04/20/2012 12:42 pm ET | Updated Jun 20, 2012

The Equality of Inequity

"Sorry, life isn't fair."

I cannot count the amount of times I have heard that statement from my parents after crying foul over one of life's inequities. Whether it was a rebuttal to "he got more than me!" or "he got picked first!" or even "how come I have to eat my vegetables and he doesn't?" the premise that life wasn't fair was constantly thrown in my face. Today, though, it seems that much of our population has either ignored or forgotten this most important of lessons. I suppose it isn't difficult when our very own president gets on television and tells people that every one should be equal and pay their fair share.

As I grew older, I heard "life isn't fair" less and less. It wasn't because our world was somehow becoming more equitable, though. It was because I stopped complaining about a fact of our society that I could do nothing about. I realized quite early on that complaining about life not being fair wasn't going to net me the big money and fabulous prizes that I was yearning for. The only shot I had at obtaining the things in this life that I wanted was to work for them, and the harder I worked, the more likely it was that I'd be able to afford those finer things. Still, I knew there would always be instances where no matter how hard I worked, I'd lose out. That was exactly what my parents prepared me for when they told me "life's not fair."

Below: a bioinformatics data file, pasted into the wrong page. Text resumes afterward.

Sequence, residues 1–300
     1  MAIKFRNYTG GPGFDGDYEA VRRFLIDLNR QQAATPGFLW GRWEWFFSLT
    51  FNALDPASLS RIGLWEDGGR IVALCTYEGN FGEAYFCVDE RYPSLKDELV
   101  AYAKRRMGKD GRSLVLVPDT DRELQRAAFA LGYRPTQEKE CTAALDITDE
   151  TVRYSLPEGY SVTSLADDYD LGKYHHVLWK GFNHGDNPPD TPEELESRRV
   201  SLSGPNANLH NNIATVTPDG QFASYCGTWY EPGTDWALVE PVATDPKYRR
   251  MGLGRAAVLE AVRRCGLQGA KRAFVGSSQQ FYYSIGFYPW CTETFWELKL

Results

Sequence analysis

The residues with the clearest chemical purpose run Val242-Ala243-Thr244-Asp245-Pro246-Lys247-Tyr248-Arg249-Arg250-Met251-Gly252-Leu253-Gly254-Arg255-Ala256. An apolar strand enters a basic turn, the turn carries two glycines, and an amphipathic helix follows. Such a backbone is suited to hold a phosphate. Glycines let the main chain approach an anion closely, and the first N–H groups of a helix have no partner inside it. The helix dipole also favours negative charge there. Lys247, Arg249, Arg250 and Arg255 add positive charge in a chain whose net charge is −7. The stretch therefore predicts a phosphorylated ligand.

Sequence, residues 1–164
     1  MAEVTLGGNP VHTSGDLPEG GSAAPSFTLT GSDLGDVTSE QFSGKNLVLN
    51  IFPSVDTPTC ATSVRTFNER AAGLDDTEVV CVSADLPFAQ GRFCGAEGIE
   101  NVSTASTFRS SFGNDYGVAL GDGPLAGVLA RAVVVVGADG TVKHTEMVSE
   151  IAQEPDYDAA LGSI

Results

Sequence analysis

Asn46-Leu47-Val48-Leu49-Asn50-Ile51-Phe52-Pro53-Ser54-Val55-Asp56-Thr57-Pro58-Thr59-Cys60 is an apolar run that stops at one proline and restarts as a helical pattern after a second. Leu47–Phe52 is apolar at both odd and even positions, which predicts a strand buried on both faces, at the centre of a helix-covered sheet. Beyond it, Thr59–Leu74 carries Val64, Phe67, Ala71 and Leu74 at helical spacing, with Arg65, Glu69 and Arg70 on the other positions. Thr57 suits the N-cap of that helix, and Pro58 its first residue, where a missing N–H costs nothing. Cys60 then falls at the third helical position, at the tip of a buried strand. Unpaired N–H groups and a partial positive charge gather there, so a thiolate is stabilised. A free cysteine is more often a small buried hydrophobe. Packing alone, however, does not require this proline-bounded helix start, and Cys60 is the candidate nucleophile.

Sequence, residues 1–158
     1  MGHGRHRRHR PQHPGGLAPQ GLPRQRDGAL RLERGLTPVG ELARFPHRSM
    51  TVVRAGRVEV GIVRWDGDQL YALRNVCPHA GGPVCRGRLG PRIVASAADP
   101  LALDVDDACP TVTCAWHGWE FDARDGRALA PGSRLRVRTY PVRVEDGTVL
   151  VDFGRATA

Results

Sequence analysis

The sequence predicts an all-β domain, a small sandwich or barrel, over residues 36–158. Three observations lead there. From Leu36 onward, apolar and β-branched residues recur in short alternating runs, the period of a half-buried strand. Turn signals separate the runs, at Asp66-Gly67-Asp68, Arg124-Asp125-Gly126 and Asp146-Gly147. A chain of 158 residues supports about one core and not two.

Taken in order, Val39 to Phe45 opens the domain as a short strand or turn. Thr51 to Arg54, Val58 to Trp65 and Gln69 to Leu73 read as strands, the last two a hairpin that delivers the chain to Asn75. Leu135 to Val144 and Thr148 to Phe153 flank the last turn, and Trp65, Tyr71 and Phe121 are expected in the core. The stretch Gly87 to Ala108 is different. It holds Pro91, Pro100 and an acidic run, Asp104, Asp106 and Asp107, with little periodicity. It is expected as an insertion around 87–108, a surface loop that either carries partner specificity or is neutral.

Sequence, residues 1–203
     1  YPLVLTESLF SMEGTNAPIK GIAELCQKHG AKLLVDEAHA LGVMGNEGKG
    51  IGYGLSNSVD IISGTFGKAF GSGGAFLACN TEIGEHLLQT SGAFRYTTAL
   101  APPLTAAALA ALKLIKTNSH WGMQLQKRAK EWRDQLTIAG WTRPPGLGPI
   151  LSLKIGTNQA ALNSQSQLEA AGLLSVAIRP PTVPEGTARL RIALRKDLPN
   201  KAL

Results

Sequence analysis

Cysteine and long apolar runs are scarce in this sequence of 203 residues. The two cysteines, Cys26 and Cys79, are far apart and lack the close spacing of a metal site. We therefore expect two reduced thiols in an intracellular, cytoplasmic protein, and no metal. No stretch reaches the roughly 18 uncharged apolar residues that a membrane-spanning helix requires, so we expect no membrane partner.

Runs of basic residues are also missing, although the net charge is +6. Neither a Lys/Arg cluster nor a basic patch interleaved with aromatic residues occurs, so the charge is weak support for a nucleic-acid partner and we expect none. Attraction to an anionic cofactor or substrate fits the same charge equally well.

Unfortunately, there is a growing sect of our population that expects a fair share of the rewards for doing absolutely nothing. Nearly half of the households in America now participate in some form of government assistance. Now, a percentage of these welfare recipients are probably deserving. No one is claiming that physically handicapped individuals or mentally ill persons do not deserve a helping hand. The citizens who are fully capable of working jobs but have decided, for one reason or another, to live off the system, are the ones making sure that no citizen of this country will ever pay their "fair" share. Just thirty years ago, the amount of the population on the take was less than one-third of the total citizenship of the U.S. -- and let's not beat around the bush, "on the take" is the most accurate way to describe what these people are doing. This administration knows that the more people they have suckling on the government teat, the more votes will inevitably go their way. It doesn't take a genius to realize that if you don't reelect the people giving you free money, you might lose it. It's the unspoken bond between those who pay and those who are paid-off. As more and more people join the cadre of the handout-driven, more money will be needed to sustain the practice. Where does that money come from? Why those of us who are paying our "fair share," of course.